Note to users. If you're seeing this message, it means that your browser cannot find this page's style/presentation instructions -- or possibly that you are using a browser that does not support current Web standards. Find out more about why this message is appearing, and what you can do to make your experience of our site the best it can be.


Sci. STKE, 7 August 2007
Vol. 2007, Issue 398, p. tw279
[DOI: 10.1126/stke.3982007tw279]


Membrane Organization Switching on the Ras Signal

Elizabeth M. Adler

Science's STKE, AAAS, Washington, DC 20005, USA

Ras activation leads to the formation of specialized microdomains--called nanoclusters--tethered to the inner leaflet of the plasma membrane; indeed, the formation of these transient nanoclusters appears to be critical to activation of the Ras-Raf-MEK (mitogen-activated or extracellular signal-regulated protein kinase kinase)-ERK (extracellular signal-regulated kinase) signaling pathway [the mitogen-activated protein kinase (MAPK) pathway]. Tian et al. combined immunogold electron microscopic analysis of the plasma membrane distribution of labeled forms of Raf1 and constitutively active K-RasG12V with fluorescence lifetime imaging microscopy-fluorescence resonance energy transfer (FLIM-FRET) analysis to show that Raf was specifically recruited to Ras nanoclusters, rather than to freely diffusing Ras monomers. Moreover, experiments with a constitutively active Raf mutant that could not undergo Ras-dependent recruitment to the plasma membrane indicated that Raf-dependent activation of MEK failed to occur in the cytosol and thus occurred at Ras nanoclusters as well. The authors incorporated this information into a spatiotemporal model of epidermal growth factor (EGF) activation of MAPK signaling. In silico analysis combined with experimental results led them to the conclusion that, whereas Ras nanocluster formation was a linear function of EGF concentration, each nanocluster functioned as an on-off "nanoswitch" in activating MAPK signaling. In turn, the existence of these nanoswitches enabled cellular ERK activation to faithfully track EGF input. Thus, the authors conclude that Ras signaling depends on the existence of nanoclusters and that organization of signaling molecules into microdomains may be required for high-fidelity signal transduction. Kenworthy discusses the implications.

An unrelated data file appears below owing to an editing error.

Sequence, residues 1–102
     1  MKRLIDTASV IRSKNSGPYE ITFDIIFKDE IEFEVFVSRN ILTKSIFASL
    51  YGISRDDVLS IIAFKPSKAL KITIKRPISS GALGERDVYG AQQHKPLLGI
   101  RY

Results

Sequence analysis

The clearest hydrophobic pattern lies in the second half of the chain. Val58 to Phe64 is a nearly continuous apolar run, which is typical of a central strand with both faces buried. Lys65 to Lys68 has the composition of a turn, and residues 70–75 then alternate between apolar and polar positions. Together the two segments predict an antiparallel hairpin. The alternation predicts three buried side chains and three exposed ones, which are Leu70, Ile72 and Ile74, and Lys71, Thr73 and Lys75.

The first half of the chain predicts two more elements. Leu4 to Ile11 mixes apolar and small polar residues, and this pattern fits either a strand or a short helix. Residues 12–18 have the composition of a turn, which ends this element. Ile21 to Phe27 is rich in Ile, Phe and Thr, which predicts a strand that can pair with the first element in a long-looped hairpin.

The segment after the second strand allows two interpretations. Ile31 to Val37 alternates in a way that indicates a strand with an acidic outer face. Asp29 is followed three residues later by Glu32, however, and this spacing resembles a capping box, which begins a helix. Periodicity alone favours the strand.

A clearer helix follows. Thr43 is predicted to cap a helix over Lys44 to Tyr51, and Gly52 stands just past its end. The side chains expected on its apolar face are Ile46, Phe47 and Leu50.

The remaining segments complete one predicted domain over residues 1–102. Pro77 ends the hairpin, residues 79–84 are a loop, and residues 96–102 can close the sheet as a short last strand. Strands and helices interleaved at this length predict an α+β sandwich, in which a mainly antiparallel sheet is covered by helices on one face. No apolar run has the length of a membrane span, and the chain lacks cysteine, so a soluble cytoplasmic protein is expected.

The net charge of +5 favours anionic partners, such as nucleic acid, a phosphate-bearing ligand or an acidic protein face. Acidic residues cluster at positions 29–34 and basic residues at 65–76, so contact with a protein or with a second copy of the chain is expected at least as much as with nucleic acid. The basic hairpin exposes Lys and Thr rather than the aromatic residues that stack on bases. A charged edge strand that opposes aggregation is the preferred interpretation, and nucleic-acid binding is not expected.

T. Tian, A. Harding, K. Inder, S. Plowman, R. G. Parton, J. F. Hancock, Plasma membrane nanoswitches generate high-fidelity Ras signal transduction. Nat. Cell Biol. 9, 905-914 (2007). [PubMed]

A. K. Kenworthy, Nanoclusters digitize Ras signalling. Nat. Cell Biol. 9, 875-877 (2007). [PubMed]

Citation: E. M. Adler, Switching on the Ras Signal. Sci. STKE 2007, tw279 (2007).

To Advertise     Find Products

Science Signaling. ISSN 1937-9145 (online), 1945-0877 (print). Pre-2008: Science's STKE. ISSN 1525-8882